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Debating Their Position On Guns

Friday, April 18, 2008

Speaking of “the most anti-gun candidate,” lately it’s becoming more and more difficult to keep track of which candidate is most deserving of that title. 

As Democratic Presidential hopefuls Hillary Clinton and Barack Obama squared off at the Democratic debate in Philadelphia this week, moderator Charlie Gibson, from ABC News, opened debate on the gun issue by stating, “Both of you, in the past, have supported strong gun control measures. But now when I listen to you on the campaign, I hear you emphasizing that you believe in an individual's right to bear arms.  Both of you were strong advocates for licensing of guns. Both of you were strong advocates for the registration of guns.”  (Sound familiar?)  “Why don’t you emphasize that now, Senator Clinton?” 

Hillary answered with a stream of generalizations, but was specific on at least one thing, “I will [also] work to reinstate the assault weapons ban,” she said, also noting that, “the Republicans will not reinstate it.” 

Obama was asked about the Heller case now before the United States Supreme Court, and specifically whether the D.C. gun ban is “consistent with an individual’s right to bear arms.”  His response was, “Well, Charlie, I confess I obviously haven’t listened to the briefs and looked at all the evidence.  As a general principle, I believe that the Constitution confers an individual right to bear arms.  But just because you have an individual right does not mean that the state or local government can’t constrain the exercise of that right…”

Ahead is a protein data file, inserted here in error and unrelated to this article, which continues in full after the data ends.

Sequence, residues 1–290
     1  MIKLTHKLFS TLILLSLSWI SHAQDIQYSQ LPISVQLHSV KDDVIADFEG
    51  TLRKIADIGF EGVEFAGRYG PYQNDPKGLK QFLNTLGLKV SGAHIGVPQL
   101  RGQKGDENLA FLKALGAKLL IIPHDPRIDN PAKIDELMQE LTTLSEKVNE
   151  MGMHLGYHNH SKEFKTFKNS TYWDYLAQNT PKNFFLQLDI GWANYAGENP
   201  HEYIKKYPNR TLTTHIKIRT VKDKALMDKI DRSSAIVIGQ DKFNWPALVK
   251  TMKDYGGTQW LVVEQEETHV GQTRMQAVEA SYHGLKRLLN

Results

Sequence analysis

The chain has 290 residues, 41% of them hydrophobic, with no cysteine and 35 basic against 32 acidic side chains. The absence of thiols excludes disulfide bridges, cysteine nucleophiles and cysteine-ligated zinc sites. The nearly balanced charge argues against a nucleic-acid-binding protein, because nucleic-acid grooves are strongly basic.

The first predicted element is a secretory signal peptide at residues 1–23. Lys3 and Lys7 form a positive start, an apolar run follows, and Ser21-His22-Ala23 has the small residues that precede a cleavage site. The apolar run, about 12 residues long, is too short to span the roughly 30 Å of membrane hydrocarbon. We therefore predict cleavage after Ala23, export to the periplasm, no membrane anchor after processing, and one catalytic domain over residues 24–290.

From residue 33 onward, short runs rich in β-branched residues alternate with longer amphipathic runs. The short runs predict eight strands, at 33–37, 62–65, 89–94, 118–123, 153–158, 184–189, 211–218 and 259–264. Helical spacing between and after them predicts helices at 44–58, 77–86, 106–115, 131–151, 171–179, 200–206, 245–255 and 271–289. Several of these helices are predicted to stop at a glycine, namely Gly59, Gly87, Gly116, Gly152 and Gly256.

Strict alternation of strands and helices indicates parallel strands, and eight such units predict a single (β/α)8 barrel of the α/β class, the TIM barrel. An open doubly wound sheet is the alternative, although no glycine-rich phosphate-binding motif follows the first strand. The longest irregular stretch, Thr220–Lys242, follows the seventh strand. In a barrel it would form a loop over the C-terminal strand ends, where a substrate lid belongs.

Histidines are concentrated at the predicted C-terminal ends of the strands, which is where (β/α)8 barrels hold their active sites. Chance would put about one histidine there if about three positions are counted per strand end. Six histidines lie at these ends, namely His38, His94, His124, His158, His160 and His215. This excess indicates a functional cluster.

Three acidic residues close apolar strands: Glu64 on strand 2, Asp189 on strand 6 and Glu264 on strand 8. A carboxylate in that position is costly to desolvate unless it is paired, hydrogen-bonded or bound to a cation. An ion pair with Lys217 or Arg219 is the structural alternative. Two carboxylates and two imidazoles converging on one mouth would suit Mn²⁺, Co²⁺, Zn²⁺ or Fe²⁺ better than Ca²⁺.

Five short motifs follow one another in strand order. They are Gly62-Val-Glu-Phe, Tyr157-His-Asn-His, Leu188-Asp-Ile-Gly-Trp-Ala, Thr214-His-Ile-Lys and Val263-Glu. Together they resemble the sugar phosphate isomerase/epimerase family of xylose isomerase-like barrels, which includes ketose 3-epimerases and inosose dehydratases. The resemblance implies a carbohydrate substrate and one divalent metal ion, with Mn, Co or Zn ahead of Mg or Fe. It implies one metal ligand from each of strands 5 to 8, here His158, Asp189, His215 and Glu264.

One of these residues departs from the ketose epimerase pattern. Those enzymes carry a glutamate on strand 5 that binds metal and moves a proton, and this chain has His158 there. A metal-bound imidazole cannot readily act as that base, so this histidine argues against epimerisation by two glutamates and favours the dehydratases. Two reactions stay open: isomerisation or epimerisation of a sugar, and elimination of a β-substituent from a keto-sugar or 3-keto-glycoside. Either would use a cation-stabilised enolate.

When pressed further by the moderator (“But do you still favor the registration of guns? Do you still favor the licensing of guns?”), Obama was evasive, never really giving a straight answer and causing the moderator to quip, “I’m not sure I got an answer from Senator Obama.” 

Senator Clinton was then asked, “you have a home in D.C., do you support the D.C. ban?”  She, too, was evasive but said that she wants, “to give local communities the opportunity to have some authority over determining…” firearms law.  She was further pressed “But what do you think?  Do you support it or not?” 

“Well, what I support is sensible regulation that is consistent with the constitutional right to own and bear arms,” she said. 

“Is the D.C. ban consistent with that right?” asked the moderator.

“Well, I think a total ban, with no exceptions under any circumstances, might be found by the court not to be. But I don't know the facts,” Clinton concluded.  At least she was right about that. 

What we do know is that neither candidate joined more than 300 of their congressional colleagues in signing a brief in the Heller case in support of the Second Amendment, and both candidates’ records are well documented and show, unquestionably, that they’re both anti-gun.  For either to now try to convince us otherwise is absurd.  If one can’t plainly state that a ban on guns in the home for self-defense runs afoul of the Second Amendment, one has to wonder if either candidate believes any gun law would.

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Established in 1975, the Institute for Legislative Action (ILA) is the "lobbying" arm of the National Rifle Association of America. ILA is responsible for preserving the right of all law-abiding individuals in the legislative, political, and legal arenas, to purchase, possess and use firearms for legitimate purposes as guaranteed by the Second Amendment to the U.S. Constitution.